With 150 trees sprouting across 5 floors of terraces, balconies, and roof gardens, apartment complex "25 Verde" in Italy rises like a giant treehouse, a forest-building ecosystem combining geothermal energy, water reuse, and natural cooling.
The 63-unit building’s design continues the arboreal theme, with wooden shingles and steel supports that look like tree trunks. In addition to cleaning the air around the building, the trees dampen noise pollution, provide shade, and help regulate the building’s temperature. The 200 trees (150 on the building + 50 in the courtyard) produce upwards of 150,000 liters of oxygen per hour during daylight hours and absorb almost 200,000 liters of carbon dioxide during nighttime hours.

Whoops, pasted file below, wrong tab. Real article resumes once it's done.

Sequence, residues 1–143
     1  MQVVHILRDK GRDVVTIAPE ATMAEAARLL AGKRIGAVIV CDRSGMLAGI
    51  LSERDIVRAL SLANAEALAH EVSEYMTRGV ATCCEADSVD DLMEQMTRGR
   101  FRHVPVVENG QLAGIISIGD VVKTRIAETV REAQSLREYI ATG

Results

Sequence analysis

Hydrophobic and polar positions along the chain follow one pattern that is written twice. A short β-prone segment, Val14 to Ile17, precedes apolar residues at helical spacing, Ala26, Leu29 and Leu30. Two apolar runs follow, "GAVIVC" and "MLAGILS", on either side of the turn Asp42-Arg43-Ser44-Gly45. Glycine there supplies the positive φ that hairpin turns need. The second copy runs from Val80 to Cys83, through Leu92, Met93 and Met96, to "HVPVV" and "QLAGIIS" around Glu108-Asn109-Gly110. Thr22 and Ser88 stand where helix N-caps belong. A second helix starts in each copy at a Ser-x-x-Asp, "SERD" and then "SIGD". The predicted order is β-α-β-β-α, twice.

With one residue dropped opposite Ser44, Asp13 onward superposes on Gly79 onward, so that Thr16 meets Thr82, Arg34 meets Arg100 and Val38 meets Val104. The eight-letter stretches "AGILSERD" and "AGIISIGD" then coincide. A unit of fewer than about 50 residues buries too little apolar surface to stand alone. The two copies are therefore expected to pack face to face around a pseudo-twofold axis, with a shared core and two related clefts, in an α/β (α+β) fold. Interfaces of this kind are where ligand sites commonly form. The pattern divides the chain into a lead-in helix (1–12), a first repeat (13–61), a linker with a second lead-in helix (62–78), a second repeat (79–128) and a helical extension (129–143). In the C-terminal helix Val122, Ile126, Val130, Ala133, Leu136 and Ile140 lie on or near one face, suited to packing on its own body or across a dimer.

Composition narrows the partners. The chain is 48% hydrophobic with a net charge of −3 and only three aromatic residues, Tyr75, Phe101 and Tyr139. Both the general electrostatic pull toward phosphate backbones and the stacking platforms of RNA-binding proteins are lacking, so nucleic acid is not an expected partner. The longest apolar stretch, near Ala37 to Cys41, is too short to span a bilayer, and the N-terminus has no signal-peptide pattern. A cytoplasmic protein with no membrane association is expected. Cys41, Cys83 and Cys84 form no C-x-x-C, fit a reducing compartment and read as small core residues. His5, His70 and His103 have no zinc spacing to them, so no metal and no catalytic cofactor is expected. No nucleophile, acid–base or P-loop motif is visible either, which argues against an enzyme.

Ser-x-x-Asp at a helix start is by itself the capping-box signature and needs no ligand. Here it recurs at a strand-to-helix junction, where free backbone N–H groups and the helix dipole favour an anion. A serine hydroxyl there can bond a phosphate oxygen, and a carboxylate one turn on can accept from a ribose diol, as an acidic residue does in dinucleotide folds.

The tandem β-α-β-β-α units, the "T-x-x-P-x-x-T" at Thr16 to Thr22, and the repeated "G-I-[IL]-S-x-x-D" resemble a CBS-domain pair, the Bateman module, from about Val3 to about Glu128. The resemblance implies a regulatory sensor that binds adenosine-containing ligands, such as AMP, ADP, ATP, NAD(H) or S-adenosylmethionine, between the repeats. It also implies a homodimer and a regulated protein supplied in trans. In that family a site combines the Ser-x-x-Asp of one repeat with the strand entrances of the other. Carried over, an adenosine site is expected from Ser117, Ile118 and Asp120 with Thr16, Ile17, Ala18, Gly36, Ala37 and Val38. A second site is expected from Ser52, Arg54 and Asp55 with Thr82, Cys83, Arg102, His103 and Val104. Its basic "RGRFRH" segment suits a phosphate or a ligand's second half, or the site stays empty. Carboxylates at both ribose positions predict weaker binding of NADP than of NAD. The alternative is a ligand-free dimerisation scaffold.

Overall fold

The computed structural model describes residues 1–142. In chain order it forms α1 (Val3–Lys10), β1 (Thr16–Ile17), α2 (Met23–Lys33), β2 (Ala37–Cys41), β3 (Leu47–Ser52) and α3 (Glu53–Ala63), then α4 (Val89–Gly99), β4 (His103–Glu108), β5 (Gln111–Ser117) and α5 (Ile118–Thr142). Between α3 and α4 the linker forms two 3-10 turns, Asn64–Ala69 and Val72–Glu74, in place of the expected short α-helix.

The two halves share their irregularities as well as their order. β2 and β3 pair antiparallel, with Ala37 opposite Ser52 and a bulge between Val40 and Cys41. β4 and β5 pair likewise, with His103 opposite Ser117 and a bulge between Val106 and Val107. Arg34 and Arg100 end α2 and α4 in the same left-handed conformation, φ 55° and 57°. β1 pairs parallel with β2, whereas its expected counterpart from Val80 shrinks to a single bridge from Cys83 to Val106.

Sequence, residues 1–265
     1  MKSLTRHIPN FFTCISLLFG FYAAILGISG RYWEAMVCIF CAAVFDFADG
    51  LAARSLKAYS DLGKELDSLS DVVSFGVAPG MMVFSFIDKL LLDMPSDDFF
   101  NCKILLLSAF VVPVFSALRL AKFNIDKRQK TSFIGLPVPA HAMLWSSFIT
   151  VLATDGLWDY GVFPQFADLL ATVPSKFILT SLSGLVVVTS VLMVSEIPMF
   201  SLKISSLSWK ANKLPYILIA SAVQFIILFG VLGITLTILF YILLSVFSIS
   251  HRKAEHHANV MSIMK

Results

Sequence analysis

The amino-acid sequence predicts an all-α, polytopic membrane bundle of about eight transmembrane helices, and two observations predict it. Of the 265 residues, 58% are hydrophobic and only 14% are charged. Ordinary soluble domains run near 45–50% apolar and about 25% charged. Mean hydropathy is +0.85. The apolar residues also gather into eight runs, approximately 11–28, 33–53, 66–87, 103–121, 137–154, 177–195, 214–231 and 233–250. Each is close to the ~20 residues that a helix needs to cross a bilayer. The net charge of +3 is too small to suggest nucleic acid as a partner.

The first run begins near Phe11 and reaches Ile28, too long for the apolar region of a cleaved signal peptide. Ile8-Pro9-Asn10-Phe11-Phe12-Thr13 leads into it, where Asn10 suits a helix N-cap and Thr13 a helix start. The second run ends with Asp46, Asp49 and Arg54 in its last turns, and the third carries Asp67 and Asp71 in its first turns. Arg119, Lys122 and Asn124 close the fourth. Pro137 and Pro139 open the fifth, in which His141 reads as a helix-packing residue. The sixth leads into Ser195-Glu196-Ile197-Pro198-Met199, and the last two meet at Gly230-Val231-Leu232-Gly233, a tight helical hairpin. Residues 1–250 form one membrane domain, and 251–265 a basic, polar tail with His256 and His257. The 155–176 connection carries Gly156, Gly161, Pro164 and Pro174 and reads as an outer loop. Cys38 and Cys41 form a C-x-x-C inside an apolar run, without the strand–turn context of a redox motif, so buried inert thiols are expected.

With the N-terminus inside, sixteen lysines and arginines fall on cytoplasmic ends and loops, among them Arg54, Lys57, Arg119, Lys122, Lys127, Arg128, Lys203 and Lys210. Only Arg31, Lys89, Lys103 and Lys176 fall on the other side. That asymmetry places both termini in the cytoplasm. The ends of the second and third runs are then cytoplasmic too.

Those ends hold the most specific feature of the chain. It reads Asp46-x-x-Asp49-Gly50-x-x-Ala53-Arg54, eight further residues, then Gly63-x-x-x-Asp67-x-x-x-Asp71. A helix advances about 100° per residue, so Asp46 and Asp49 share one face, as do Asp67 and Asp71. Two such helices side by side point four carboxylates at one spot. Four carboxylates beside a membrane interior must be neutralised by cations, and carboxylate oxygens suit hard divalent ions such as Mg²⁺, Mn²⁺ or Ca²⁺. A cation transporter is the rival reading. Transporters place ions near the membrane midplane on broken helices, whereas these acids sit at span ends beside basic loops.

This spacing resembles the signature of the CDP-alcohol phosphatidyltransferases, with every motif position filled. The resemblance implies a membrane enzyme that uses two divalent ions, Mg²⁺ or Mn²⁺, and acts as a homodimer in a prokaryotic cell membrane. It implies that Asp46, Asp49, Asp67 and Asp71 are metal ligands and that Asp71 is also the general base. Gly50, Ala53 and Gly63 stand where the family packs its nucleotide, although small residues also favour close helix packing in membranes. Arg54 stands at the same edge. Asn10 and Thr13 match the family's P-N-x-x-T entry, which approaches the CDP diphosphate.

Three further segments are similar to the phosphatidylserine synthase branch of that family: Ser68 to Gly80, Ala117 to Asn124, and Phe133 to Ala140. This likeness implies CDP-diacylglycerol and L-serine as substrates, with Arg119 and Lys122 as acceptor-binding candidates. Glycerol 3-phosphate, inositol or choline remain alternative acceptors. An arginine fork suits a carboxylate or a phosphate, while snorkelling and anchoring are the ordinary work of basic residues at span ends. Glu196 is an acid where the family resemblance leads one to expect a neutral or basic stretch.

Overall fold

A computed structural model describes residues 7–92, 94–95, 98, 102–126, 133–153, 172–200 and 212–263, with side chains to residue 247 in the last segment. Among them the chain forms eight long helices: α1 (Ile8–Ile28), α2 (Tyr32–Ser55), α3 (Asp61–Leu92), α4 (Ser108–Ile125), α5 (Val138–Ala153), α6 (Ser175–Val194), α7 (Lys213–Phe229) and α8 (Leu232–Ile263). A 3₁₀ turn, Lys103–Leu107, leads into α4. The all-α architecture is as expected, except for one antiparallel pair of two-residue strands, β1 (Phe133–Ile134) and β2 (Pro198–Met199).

Water is captured on the roof gardens and run down to the ground level forming a large pond that adds ambiance and a cooling factor in summer. The building's heating and cooling systems make use of geothermal energy, using heat pumps and an old well used by a 1950s Fiat factory at the same location.
Corten steel trees support much of the structure and serve as conduits for rainwater and greywater. Architect Luciano Pia modeled these on the majestic old Platanus trees in Turin. His mixed structure of architecture and plants is a unique work of biotecture that reimagines how we can live in cities.
25 Verde resident Paolo Botto gives us a tour of the building.